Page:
Excel, despite its numerical bias, doesn't appear to have any way to present a number to some number of significant figures. All the rounding functions work on an absolute number of decimal places (or other significance); none of them on the relative basis needed for this. So here is a formula to do it, along with what I hope is a full explanation.

To get a number to n significant figures is simply a rounding exercise, so we use the ROUND function; this gives us ..

ROUND(number, ...)

(where the ... needs to be a number indicating how to round number).

Before we look at how to determine it, note that people normally people use rounding to round digits after the decimal point, e.g.

ROUND(0.456,2) rounds to 2 decimal places (the nearest multiple of 10^{-2}), giving 0.46 ROUND(0.456,1) rounds to 1 decimal place (the nearest multiple of 10^{-1}), giving 0.4

.. but it is also possible to use negative numbers to round before the decimal point, e.g.

ROUND(456,-2) rounds to hundreds (the nearest multiple of 10^{-(-2)} or 10^{2}), giving 500

Now, to round to a relative number of places depending on the number being rounded (i.e. n significant figures) requires that we first of all examine that number and determine how many digits it has. It would be possible to check its length but special case handling depending on whether or not the number contained a decimal point would make it quite complicated. An easier way is a mathematical one, using logarithms (the LOG10 Function).

A brief reminder from your schooldays: the logarithm of a (positive) number consists of two parts; the integer part which is the largest power of 10 lower than the number, and the decimal part indicating where the number falls in the range between that and the next highest power of 10. The integer part is what we are interested in here because it tells us where the first significant digit is, and for this we use the INT Function. An example ..

LOG10(456) = 2.65896, and .. INT(LOG10(456)) = 2, telling us that the number falls between 10^{2} and 10^{3}

It is slightly more complex for numbers less than 1; the logarithm of 0.0456 is (mathematically) -2 +0.65896 and the integer part of this is -2. This doesn't appear quite so obviously from an example, but the INT Function moves away from zero so the result is what we want.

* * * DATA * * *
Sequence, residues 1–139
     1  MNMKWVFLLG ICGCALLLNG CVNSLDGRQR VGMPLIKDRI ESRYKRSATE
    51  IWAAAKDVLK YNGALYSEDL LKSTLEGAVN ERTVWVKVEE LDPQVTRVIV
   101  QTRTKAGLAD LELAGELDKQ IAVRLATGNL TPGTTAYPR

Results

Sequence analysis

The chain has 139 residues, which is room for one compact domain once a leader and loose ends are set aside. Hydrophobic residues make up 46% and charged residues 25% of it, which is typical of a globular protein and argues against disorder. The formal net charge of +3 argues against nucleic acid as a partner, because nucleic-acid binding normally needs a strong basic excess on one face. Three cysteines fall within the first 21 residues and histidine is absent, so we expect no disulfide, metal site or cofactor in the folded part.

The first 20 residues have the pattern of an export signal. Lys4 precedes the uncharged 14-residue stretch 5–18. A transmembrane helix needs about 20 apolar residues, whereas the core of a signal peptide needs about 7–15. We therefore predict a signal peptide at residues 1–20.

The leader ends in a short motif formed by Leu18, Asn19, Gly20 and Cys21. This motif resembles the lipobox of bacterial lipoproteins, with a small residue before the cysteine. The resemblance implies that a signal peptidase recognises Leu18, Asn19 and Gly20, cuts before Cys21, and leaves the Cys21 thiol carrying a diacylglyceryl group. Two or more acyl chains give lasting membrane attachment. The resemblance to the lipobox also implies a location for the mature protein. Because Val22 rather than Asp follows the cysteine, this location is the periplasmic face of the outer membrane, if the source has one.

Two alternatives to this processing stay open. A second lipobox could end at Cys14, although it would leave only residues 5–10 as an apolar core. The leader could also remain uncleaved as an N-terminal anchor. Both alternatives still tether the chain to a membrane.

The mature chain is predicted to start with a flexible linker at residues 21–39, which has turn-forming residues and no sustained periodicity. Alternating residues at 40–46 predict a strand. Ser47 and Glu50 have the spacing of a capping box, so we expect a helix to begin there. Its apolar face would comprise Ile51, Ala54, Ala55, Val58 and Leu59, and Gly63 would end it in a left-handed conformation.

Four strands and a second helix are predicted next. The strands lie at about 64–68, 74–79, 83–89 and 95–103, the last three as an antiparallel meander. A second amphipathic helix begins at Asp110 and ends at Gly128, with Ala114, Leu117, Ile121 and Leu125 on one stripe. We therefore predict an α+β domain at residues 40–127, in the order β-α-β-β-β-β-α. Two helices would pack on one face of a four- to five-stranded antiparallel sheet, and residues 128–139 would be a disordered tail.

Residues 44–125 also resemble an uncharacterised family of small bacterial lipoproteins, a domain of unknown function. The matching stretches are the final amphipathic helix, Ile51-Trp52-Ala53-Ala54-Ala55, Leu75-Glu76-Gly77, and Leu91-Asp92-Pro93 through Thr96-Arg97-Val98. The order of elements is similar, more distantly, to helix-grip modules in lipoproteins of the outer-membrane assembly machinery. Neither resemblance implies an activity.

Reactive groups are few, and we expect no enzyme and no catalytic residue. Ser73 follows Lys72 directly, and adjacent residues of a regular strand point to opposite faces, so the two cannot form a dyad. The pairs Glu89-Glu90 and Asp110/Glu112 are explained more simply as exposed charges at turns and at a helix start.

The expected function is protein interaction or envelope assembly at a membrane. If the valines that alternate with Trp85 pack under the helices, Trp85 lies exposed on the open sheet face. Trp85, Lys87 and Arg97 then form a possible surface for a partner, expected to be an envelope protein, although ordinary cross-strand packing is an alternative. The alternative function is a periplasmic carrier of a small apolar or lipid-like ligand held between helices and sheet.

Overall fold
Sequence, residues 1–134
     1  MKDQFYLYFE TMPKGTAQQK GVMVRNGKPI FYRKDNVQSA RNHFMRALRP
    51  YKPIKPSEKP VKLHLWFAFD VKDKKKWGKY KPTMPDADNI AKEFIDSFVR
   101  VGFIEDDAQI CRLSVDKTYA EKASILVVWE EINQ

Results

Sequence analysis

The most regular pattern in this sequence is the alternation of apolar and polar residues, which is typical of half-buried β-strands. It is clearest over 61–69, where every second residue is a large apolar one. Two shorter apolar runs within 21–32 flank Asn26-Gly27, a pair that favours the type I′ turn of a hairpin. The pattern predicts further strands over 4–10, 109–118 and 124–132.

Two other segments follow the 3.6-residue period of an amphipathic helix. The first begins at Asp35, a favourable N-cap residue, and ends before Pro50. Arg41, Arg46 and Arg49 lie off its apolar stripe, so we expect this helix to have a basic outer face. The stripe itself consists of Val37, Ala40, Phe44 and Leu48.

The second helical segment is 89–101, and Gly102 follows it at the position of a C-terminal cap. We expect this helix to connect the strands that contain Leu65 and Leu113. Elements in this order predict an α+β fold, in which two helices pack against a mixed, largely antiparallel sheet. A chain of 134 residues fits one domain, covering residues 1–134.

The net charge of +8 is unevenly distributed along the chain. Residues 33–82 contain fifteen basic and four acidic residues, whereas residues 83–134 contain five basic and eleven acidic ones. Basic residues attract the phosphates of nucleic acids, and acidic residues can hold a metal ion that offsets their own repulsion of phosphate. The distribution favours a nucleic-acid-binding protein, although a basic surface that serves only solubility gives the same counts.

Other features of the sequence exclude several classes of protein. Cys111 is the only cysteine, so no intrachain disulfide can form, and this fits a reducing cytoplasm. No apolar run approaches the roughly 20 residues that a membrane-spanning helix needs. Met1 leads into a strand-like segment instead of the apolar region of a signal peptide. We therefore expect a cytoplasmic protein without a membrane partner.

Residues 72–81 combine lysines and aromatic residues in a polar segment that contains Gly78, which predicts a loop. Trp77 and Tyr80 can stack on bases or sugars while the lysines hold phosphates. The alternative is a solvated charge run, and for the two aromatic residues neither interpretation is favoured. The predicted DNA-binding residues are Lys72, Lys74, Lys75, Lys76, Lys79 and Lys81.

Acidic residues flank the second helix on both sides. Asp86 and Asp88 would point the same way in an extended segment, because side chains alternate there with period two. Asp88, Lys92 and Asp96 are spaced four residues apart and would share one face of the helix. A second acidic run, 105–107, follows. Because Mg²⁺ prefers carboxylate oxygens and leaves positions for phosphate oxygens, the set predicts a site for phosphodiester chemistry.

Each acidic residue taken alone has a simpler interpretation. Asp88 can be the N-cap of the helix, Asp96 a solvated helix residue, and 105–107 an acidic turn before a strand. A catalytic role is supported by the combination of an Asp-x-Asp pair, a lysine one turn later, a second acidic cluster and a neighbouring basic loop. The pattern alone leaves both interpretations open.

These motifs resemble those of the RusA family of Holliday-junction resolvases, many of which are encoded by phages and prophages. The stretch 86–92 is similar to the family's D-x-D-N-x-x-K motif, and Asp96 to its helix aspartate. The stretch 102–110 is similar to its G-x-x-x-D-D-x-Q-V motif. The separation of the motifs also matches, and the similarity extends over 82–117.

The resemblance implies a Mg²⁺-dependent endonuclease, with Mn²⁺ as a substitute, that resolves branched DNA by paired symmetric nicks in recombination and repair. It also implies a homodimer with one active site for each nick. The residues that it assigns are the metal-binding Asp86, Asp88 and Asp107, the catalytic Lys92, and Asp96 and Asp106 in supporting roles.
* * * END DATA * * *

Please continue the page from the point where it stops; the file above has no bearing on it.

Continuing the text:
LOG10(0.0456) = -1.34104, and .. INT(LOG10(0.0456)) = -2, telling us that the number falls between 10^{-2} and 10^{-1}

Adding 1 to the integer part of the log gives us the number of digits before the decimal point so, with the above examples ..

INT(LOG10(456)) = 2; add 1 and we find there are 3 digits before the point INT(LOG10(0.0456)) = -2; add 1 and we find there are -1 digits before the point (in other words there +1 zeroes after the point before we get to significant digits)

Now, do you remember the ROUND Function we started with? Rounding to n significant figures means rounding to the position n digits after the first significant figure, which is the position in the number relative to the decimal point (digits before it, or zeroes after it) which we got from the Log above, in other words ..

INT(LOG10(number)+1) - n

Because the ROUND Function requires the negative of this, what we actually feed into it is the reverse of the above ..

n - (INT(LOG10(number)+1))

Putting it together we get ..

ROUND(number,n-(INT(LOG10(number)+1)))

Finally, to cater for negative numbers, we ignore the sign in the process of determining the length. This is achieved by using the ABS Function, which gives the absolute value (the magnitude, or size) of a number. Adding this into the mix gives the final formula of ..

ROUND(number,n-(INT(LOG10(ABS(number))+1)))

So to find the value in, say, cell A1 to 4 significant figures, we can use this formula in another cell ..